Ah. I was thinking you would incorporate it into your job if it was a tool that would help you get things done faster. –  Eric Wilson Dec 15 '10 at 13:03
@Nim surely you aren't that cynical?! Would you ever choose a tool that would help productivity in or satisfaction with your current job, rather than just future career prospects? –  Alison Dec 15 '10 at 13:15
@NimChimpsky It's really hard to measure, but a combination of jobs, blogs, tweets, books, conferences, chatter, IDE support, solar winds, size of community, mailing lists, forums, SO, chicken entrails etc that all mention X. But in reality I only have the 1500 or so developers in the London JUG to go on, and a hefty percentage of those I've talked have at least got some sort of Groovy script or embedded JAR running somewhere. –  Martijn Verburg Dec 15 '10 at 14:04

Having done quite a bit of Groovy programming and given it a "good go" I now prefer the "pure Java" approach for the following reasons:-

  1. Debugging -- the debugger walks you through tons of internal groovy code. I know there are some options to filter this out but they are far from perfect and either don't filter out all the internal code or skip over some of your own code.
  2. Code Completion -- very useful when using java classes totally useless when using groovy (at least under Eclipse).
  3. Deployment -- while its quick and easy to hack up a groovy script inside Eclipse or some other IDE putting together a working Jar file you can give to someone else to run is painful.
  4. Its slowwwwwwwww.
  5. Verbosity does not equal work. While Java code is more verbose it doesnt actually take that much longer to code up. Groovy's terse syntax is sometimes harder to understand as more things are defaulted and/or implied which means reading the docs to find out whats happening rather than have it coded up in front of you.
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+1: "While Java code is more verbose it doesn't actually take that much longer to code up". I totally agree: sometimes having a language with a simpler and clearer semantics, a clear class design and coding style increases the productivity much more than having a terse syntax. I am much more productive in Java than in C++ and, unless I need some special library that's only available for C++, I only prefer C++ when I need high performance. I haven't tried Groovy, but since it is dynamically typed I would not use it for large projects. One has to look at all aspects that influence productivity. –  Giorgio May 19 '12 at 7:37
Too be fair to Groovy -- items 1 and 4 in my list are vastly improved in the latest release. Debugging is now much cleaner, and you have options to staticly type variables, effectivly, turning of the dymamic typing where you don't need it. –  James Anderson Apr 3 '13 at 1:47
In the mean time I have tried out a few dynamic languages (Python and Scheme) and I see that I can work with them pretty well. But again, if I had 200 000 lines of code to maintain, I still think I would prefer them to be written in a statically typed language. –  Giorgio Apr 3 '13 at 8:51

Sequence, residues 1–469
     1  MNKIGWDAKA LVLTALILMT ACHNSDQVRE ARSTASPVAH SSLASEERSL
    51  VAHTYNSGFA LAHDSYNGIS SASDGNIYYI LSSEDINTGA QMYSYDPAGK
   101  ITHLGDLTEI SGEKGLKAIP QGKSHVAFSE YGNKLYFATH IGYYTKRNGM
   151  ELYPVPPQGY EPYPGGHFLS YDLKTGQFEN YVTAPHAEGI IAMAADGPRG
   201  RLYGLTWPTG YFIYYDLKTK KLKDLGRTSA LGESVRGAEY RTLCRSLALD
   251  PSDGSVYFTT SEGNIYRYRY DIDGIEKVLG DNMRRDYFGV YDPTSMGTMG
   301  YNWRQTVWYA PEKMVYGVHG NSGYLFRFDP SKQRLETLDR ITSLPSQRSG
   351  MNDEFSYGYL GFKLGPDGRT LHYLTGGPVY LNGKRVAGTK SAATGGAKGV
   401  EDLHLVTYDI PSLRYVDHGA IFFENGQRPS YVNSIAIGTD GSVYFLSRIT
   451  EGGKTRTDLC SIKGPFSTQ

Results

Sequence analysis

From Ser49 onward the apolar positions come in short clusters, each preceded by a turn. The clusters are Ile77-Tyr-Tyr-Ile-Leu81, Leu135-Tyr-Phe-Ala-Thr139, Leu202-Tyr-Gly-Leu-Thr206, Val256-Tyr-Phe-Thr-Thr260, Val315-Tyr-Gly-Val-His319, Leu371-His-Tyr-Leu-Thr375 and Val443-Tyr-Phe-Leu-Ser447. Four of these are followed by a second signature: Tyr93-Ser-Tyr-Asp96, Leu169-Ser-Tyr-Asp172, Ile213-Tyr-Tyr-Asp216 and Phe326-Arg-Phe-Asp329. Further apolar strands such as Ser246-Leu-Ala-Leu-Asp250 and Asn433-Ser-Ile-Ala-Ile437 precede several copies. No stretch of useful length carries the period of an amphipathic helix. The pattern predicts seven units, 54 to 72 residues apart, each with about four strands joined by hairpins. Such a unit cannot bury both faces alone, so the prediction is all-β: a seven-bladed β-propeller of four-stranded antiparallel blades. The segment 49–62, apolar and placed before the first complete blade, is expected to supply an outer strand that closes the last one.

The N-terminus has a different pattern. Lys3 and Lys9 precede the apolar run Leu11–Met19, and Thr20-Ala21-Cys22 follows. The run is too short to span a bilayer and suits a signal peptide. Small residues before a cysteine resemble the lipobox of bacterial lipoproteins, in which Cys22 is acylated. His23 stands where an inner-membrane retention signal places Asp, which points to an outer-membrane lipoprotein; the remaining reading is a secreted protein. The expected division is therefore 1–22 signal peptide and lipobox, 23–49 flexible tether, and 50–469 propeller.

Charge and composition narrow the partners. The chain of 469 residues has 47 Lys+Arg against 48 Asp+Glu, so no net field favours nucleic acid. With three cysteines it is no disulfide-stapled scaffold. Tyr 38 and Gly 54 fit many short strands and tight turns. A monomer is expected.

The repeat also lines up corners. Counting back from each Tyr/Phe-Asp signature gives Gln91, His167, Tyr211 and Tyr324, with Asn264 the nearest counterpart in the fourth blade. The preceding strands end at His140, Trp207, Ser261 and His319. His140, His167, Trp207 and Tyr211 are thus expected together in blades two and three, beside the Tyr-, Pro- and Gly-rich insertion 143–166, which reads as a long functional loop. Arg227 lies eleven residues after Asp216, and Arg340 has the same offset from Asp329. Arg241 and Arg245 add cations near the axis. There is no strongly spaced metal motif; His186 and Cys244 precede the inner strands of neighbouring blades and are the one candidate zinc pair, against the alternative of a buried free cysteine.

I'm not using Groovy because I don't see the need for it. Seeing as it is run on the JVM and I already know Java pretty well, why would I invest my time in something that is pretty much the same anyway.

But I realise that I can't be a one trick pony for my whole career. That's why I have started to learn Python. When I was looking for a new language to learn, I did think about Groovy, but the similarities to Java made me think twice.

But you also have to look at what other people think of Groovy and the one point that keeps popping up when I think about Groovy is that the creator of Groovy said he wouldn't have bothered if someone has shown him Scala. I think this shows that Groovy isn't really a real alternative to Java or even a realistic addition to Java. If you want something that runs in the JVM, use Scala.

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Folks! 'the creator of Groovy said he wouldn't have bothered if someone has shown him Scala' does not imply that scala is better than groovy! –  rdmueller Aug 4 '11 at 18:26
I think it definately implies scala is better, it just doesn't prove it's better –  Kevin Aug 5 '11 at 3:49
@Kevin: It implies nothing of the sort. –  Josh K Aug 5 '11 at 4:58
@Josh: to me it implies that it solves the problems Groovy was intended to solve at least as well as Groovy does - in the eyes of the guy who created Groovy, and who could judge that better? –  Michael Borgwardt Aug 5 '11 at 7:55
Good enough can be an enemy of great. If good enough exists, very few people will go on to make great. –  Bill K Apr 2 '13 at 19:08

It's somewhat an egg-and-chicken problem. A language that has little momentum gains little users, and thus has little momentum... There's lot of competition to choose from, and Groovy hasn't quite caught the attention like some others have. I think lots has to do with productization, starting from the web site:

  • Groovy website. It's in a subdomain of a German(?) open source community site (no own domain), contains some cheap-looking Google ads, and has a somewhat amateurish looks overall.